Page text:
Identifying tumors that have not spread to lymph nodes can minimize surgical and radiation treatments. Breast conservation and partial breast irradiation are options with early stage breast cancers. Surgical complications decrease when radiation can be avoided in the setting of mastectomy with reconstruction. Avoiding lymph node dissections also decreases the incidence of lymphedema. USPSTF has failed to acknowledge the burden of lymphedema when disease has spread to lymph nodes.

Aggressive treatments also represent a cost burden to individuals and to society. The total cost of treating all cancers exceeded $216 billion in 2009, according to the National Institutes of Health.[4] Breast cancer accounts for a significant portion of this. By detecting cancer at its earliest stages, the cost of cancer care can be greatly diminished. This cost burden inevitably has a direct psychosocial and economic impact to cancer patients, their families and society as a whole. The “harms” of a false-positive mammogram are almost trivial in comparison to the burden of advanced cancer care. USPSTF has failed to acknowledge the emotional and cost burden of delaying breast cancer diagnosis.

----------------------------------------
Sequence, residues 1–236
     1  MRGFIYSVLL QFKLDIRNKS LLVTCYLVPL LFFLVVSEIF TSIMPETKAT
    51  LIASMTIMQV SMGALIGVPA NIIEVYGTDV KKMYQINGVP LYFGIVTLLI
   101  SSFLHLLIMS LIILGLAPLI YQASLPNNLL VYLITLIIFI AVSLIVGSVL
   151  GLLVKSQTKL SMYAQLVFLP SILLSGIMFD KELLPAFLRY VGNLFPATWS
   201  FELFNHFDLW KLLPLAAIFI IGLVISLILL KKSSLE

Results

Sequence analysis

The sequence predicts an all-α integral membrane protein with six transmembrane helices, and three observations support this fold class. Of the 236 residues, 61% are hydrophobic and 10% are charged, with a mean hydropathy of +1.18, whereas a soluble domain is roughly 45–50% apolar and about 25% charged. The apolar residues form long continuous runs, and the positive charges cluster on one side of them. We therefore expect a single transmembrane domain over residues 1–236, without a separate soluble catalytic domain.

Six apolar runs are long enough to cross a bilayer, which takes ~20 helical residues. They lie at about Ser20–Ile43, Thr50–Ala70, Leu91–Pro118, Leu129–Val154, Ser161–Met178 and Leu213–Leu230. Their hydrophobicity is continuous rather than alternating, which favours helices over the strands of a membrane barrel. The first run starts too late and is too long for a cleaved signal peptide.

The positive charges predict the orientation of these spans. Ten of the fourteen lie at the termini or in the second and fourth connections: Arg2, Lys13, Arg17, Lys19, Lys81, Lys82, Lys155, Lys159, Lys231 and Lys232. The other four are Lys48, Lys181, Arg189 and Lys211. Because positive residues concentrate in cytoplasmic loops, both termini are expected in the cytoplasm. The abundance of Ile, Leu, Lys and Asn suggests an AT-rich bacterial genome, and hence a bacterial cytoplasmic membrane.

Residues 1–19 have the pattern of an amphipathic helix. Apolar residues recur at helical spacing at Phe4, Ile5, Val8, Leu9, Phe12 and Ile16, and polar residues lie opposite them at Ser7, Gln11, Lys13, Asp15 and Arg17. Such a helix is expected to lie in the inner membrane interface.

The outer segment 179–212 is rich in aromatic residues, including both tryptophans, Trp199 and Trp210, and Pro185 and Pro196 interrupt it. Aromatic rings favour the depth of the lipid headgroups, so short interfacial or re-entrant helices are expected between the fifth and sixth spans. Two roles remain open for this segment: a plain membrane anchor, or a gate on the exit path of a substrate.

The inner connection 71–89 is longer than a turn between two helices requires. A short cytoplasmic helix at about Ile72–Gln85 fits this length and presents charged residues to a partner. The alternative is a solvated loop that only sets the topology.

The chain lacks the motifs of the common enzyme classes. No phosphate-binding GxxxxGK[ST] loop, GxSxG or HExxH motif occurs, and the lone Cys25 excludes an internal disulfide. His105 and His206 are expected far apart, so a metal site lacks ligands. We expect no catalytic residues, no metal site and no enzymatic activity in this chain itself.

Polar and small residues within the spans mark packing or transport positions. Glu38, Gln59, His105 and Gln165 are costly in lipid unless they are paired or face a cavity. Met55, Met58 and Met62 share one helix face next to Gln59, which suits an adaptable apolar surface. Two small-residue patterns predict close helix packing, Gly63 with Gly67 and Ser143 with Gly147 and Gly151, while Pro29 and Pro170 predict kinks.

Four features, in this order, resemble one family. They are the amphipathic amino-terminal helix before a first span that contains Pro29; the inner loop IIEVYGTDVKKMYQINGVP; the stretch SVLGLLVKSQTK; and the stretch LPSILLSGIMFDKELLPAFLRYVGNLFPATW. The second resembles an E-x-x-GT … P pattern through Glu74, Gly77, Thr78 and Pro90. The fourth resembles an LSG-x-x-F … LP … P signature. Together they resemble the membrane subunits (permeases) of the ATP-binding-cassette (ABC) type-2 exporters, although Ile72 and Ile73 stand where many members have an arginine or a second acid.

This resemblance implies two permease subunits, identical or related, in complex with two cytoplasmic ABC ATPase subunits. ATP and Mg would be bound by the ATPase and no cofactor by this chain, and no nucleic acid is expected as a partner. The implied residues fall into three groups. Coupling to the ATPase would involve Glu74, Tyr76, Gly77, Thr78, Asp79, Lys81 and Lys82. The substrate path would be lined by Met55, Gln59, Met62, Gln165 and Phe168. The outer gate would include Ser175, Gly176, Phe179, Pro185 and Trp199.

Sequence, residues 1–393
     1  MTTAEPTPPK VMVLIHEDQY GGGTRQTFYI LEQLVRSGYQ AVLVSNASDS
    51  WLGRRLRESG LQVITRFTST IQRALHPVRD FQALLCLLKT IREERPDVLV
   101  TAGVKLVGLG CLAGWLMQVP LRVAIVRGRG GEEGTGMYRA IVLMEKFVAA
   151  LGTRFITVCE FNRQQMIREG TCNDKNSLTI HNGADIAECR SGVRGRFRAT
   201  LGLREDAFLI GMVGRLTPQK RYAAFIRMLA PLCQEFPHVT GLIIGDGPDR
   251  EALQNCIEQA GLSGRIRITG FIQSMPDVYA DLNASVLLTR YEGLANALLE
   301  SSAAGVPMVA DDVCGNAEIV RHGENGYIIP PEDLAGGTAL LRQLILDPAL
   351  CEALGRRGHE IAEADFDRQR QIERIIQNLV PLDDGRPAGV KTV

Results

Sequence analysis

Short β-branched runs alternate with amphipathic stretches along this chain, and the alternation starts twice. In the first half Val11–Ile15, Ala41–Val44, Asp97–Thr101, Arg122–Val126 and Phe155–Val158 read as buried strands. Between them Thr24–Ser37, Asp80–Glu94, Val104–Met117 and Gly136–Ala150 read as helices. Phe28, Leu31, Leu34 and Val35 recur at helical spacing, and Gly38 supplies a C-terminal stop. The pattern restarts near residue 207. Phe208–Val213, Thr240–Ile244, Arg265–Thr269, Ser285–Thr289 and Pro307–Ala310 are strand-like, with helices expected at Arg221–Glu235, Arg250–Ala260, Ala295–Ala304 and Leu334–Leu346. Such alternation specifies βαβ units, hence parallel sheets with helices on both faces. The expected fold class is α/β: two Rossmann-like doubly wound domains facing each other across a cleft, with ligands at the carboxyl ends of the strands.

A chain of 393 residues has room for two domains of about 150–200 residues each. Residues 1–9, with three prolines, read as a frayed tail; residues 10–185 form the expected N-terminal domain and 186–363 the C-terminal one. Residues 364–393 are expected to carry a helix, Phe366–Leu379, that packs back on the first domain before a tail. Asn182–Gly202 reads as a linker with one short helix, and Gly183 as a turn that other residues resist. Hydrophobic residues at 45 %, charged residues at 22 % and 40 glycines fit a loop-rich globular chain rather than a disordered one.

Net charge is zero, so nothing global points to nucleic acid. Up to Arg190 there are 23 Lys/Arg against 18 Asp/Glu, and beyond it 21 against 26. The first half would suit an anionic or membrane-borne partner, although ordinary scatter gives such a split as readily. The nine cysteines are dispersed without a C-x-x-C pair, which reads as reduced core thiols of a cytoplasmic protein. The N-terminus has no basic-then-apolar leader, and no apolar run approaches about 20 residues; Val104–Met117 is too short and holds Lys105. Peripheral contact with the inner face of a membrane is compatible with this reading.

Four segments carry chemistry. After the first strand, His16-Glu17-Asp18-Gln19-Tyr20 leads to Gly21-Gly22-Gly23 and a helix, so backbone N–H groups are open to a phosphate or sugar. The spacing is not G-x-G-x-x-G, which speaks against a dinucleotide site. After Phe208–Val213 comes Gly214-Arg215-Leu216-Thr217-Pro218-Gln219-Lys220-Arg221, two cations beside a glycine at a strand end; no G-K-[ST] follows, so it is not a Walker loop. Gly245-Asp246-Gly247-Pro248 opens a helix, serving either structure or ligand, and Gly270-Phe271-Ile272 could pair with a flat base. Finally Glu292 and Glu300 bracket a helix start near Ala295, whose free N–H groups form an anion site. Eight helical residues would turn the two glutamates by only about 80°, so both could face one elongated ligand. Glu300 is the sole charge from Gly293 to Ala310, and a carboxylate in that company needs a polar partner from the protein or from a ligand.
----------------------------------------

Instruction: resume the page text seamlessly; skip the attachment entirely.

Due to significant advances in adjuvant therapies, death from breast cancer has improved even at advanced stages of diagnosis. However, USPSTF has failed to acknowledge 10 years’ worth of advancements in breast cancer treatment focused on minimizing surgery and radiation treatment when cancer is detected at early stage. These advancements have helped to decrease morbidity while improving quality of life for cancer survivors.  These benefits depend on early detection enabled by annual mammogram screening.    

It is irresponsible for USPSTF to describe harms of false-positives and anxiety of testing without discussing the benefits of avoiding aggressive treatment. Women should be empowered to make their own decisions about their health care. Failure to provide this information and limiting access to mammogram screening does not help to accomplish this. Furthermore, these “recommendations” made by USPSTF can be inappropriately used to limit insurance coverage for annual screening, prevent primary care providers and OB/GYNs from ordering screening, and discourage women from obtaining routine mammograms. By recommending annual screening beginning at age 40, women are encouraged to begin thinking about their breast cancer risk and breast health.